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The Life Cycles of Modern Artists: Theory, Measurement, and Implications

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  • David W. Galenson

Abstract

There have been two very different life cycles for important modern artists: some, including Picasso, have made their greatest contributions early in their careers, whereas others, like C‚zanne, have produced their best work late in their lives. Art's young geniuses have worked deductively to make conceptual innovations, while its old masters have worked inductively, to innovate experimentally. These two life cycles emerge from quantitative analysis of a wide range of evidence, and recognizing the differences between them allows a new understanding of a number of issues in art history. The two life cycles are furthermore not limited to painting, for the association between deduction and early achievement, and that between induction and late creativity, also clearly appear in quantitative studies of the careers of important economists and poets. Understanding the careers of modern artists therefore leads to a deeper understanding of the life cycles of human creativity in general.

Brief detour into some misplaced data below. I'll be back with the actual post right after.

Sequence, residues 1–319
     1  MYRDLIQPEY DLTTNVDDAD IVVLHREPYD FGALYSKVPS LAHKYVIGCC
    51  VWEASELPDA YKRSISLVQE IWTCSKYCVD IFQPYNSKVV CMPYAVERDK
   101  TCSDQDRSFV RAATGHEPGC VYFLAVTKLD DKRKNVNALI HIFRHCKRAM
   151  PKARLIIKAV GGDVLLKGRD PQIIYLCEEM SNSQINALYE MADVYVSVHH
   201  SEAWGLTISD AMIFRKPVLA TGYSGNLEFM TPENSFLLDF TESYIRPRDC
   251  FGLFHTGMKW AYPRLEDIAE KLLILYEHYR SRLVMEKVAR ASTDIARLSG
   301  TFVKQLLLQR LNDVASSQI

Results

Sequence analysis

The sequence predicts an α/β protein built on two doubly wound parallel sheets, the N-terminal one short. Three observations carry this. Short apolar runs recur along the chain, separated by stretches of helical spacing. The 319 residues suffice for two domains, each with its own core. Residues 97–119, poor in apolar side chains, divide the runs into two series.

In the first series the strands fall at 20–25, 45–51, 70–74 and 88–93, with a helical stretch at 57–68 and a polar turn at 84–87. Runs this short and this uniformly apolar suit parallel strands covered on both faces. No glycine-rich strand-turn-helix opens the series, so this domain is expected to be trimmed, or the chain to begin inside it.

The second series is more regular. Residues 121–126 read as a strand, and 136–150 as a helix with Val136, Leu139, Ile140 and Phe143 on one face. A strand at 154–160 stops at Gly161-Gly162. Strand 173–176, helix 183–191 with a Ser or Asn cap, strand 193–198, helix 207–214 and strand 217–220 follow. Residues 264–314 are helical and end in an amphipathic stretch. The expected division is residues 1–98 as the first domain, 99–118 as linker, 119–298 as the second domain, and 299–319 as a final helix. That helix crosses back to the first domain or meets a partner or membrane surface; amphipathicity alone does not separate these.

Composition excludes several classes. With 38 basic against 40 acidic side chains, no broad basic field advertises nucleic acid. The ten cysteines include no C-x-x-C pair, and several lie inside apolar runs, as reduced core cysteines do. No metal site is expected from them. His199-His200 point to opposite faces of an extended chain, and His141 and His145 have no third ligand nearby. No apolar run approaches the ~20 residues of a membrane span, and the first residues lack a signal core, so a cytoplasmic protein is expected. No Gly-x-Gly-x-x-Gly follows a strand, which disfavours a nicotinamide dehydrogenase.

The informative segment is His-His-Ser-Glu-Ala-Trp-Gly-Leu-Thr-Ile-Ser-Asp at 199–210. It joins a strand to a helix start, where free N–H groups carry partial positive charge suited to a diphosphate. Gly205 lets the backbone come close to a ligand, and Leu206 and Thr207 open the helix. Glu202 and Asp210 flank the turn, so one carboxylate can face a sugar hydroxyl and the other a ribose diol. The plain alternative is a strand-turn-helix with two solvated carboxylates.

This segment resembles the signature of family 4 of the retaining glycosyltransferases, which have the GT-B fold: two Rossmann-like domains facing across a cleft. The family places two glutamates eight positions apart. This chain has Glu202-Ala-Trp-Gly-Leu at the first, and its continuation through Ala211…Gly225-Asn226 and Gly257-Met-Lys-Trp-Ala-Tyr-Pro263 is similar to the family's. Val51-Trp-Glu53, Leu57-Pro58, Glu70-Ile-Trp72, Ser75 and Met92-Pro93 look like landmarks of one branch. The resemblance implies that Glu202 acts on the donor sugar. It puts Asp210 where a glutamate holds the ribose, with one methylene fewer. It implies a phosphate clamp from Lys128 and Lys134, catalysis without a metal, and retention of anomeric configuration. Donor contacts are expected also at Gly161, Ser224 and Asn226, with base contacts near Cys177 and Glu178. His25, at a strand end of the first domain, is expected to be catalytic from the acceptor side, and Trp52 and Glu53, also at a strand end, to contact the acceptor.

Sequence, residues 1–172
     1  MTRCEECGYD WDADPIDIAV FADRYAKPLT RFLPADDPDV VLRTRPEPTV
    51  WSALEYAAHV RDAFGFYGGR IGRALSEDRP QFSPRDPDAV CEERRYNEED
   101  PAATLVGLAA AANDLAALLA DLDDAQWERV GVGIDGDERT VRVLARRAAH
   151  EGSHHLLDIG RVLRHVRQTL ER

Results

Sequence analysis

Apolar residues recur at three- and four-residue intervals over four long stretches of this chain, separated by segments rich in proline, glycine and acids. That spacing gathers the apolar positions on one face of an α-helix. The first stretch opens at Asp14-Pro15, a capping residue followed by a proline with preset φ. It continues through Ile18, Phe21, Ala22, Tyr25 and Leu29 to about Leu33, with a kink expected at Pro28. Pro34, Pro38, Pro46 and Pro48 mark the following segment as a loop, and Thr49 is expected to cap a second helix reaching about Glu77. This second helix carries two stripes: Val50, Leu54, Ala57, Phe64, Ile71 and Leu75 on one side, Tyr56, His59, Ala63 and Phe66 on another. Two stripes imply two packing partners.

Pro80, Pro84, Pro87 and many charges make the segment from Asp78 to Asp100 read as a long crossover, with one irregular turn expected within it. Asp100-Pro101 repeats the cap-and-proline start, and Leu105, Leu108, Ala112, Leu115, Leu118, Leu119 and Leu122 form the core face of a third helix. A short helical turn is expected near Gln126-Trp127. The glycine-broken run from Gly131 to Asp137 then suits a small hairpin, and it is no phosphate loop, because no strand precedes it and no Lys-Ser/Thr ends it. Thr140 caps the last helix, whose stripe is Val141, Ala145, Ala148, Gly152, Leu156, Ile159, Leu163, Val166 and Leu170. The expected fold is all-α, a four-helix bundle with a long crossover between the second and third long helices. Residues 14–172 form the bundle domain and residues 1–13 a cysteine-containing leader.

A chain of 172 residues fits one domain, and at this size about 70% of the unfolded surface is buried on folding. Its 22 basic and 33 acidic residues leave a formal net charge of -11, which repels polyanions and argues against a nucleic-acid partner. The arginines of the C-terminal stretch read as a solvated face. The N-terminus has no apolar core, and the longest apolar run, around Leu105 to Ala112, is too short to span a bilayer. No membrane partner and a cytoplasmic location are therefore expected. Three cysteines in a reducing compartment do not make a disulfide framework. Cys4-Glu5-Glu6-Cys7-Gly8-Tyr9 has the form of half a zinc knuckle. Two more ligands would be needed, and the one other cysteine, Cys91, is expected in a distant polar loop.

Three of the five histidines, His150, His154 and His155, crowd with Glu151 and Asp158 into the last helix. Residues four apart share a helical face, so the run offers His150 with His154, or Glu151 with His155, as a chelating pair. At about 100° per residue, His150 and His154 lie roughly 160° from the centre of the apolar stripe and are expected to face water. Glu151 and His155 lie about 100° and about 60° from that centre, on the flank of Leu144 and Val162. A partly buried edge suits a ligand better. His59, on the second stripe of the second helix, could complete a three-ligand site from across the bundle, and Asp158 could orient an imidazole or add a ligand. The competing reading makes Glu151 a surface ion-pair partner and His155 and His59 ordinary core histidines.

Suggested Citation

  • David W. Galenson, 2003. "The Life Cycles of Modern Artists: Theory, Measurement, and Implications," NBER Working Papers 9539, National Bureau of Economic Research, Inc.
  • Handle: RePEc:nbr:nberwo:9539
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    Cited by:

    1. David W. Galenson, 2004. "A Portrait of the Artist as a Young or Old Innovator: Measuring the Careers of Modern Novelists," NBER Working Papers 10213, National Bureau of Economic Research, Inc.
    2. Victor Ginsburgh & Sheila Weyers, 2006. "Creativity and Life Cycles of Artists," Journal of Cultural Economics, Springer;The Association for Cultural Economics International, vol. 30(2), pages 91-107, September.

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    JEL classification:

    • J4 - Labor and Demographic Economics - - Particular Labor Markets

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